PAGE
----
After calculating the carbon footprint for the company’s brand products, Varusteleka published this data on its web store . The company didn’t use general emission factors but instead, calculated a footprint for each item to get transparency on emissions. This way, Varusteleka knows how to make the biggest impact regarding emission reductions.

“Communicating these footprints to our customers doesn’t mean we want to make individuals responsible for our emissions. Knowing the footprint helps us to design products with smaller carbon footprint and it also helps us to estimate the cost of offsetting for these products,” Orava mentions.

Varusteleka footprint

According to Varusteleka's calculations, its Fishtail Parka has a carbon footprint of 38.69 kg CO2e. This information is available for customers on Varusteleka's global web store.

All-in-all, Orava considers the calculations as “quite an easy exercise”. Varusteleka was able to automate those in the company’s ERP system, using existing product data. If data wasn’t available, the company used the worst possible emission factor. “Our calculations use the weight of the product, the country of origin for the product, and material composition. What we don’t take into account is the different size variations of each product, but we use a median instead.”

“We didn’t really have lots of benchmarks when we started this project. We have used the GHG protocol in the background – however, there are still many options in how you can actually execute these calculations in real life. Our calculations are based on the secondary data from the supply chains, using emission factors that are relevant to the whole textile industry. We could have collected primary data from our supply chain but that would have probably taken years since many of the suppliers don’t have this data. We wanted to make things happen faster,” Orava explains.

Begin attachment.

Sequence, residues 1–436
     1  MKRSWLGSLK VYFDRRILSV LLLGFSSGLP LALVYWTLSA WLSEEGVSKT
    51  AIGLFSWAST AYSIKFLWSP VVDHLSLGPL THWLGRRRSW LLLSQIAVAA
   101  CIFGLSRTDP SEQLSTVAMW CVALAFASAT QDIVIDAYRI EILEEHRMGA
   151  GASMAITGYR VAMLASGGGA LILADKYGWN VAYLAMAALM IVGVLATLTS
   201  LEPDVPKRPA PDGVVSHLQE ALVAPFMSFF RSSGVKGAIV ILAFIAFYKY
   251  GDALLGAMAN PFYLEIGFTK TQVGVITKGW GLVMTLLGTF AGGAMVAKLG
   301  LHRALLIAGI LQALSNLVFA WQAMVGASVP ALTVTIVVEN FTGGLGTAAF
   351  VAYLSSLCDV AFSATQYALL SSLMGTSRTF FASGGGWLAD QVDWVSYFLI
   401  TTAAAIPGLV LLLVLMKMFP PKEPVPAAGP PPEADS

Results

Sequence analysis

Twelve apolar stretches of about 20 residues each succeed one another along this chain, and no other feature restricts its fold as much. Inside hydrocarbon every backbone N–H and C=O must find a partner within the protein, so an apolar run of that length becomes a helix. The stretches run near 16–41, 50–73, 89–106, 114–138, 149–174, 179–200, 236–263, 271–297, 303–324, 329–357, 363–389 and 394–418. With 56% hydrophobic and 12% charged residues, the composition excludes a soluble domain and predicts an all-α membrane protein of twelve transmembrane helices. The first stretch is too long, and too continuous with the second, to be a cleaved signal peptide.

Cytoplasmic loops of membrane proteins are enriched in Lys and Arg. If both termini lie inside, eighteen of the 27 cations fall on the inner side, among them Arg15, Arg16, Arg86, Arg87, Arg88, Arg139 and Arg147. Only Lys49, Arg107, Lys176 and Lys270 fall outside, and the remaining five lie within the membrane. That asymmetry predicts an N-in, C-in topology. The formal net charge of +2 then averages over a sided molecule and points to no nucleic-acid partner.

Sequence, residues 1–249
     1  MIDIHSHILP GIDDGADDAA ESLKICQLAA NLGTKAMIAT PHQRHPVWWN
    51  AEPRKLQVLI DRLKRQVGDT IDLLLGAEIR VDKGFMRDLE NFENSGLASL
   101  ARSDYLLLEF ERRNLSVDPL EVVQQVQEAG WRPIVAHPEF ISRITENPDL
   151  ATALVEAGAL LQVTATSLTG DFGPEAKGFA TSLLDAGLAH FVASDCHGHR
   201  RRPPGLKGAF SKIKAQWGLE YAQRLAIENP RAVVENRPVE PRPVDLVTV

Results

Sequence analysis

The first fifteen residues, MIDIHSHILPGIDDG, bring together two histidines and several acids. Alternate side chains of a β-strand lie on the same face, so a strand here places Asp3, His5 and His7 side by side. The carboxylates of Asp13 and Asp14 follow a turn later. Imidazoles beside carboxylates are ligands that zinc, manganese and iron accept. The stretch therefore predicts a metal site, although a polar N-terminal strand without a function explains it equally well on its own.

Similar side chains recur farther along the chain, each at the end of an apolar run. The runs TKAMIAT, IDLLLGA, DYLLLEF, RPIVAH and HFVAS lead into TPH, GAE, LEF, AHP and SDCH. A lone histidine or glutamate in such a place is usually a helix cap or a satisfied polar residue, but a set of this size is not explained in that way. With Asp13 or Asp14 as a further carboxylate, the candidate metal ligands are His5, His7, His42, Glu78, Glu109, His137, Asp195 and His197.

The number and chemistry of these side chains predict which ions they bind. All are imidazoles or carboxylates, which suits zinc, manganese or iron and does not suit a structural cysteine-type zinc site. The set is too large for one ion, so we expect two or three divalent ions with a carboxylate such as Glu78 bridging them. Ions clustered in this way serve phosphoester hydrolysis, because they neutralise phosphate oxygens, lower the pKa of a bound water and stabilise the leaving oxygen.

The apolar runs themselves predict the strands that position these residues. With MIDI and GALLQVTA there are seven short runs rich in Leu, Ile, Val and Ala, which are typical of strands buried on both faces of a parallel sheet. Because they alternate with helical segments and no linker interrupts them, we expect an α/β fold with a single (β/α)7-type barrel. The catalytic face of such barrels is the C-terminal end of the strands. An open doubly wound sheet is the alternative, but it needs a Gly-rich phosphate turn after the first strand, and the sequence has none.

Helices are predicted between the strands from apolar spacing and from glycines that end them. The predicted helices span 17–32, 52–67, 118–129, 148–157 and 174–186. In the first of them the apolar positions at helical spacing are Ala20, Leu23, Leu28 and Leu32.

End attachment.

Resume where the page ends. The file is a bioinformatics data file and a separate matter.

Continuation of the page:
The priority should be on emission reductions, not on fine-tuning the calculations

Orava considers saving time and resources as crucial in environmental work. Not all companies have the luxury of hiring a sustainability professional – it is common especially in SME's that the duties are combined with, for example,  communications duties.

“The hardest part is to reduce emissions and it also should be the priority, instead of fine-tuning the calculations. In our case, we can quite easily affect scope 1 and 2 emissions by improving energy efficiency and making smarter energy purchases. For scope 3, we need to get rid of most of the air cargo and manufacture our products with smaller carbon footprint by, for example, choosing different materials and also pushing the factories to make better decisions when it comes to energy sources.”

Orava says that all this requires huge strategic changes in the company. “We still don’t know how to get to net zero, but we are currently mapping the stages and looking into what are the different elements we can change.”

Varusteleka is offsetting its emissions with Compensate, something that the company founder Lindholm has demanded to do. The compensation covers the emissions of Varusteleka’s own operations, logistics, and manufacturing of the brand products.

“We now have a concrete cost for emissions and an incentive to reduce them. This makes my life a lot easier, as I can compare the cost of making more sustainable choices to the cost of offsetting. As an example, renewable energy tends to be more expensive but when screening our offsetting invoice at the end of the year, it’s cheaper to purchase renewable energy than to compensate for the energy that is based on fossil fuels. As the price of high quality offsetting keeps getting higher, compensation is a good whip for us to do more and to do faster,” Orava concludes.

This article is based on the Compensate webinar: How to start taking climate action and set climate targets. The webinar took place in October 2022 and can be downloaded as a recording .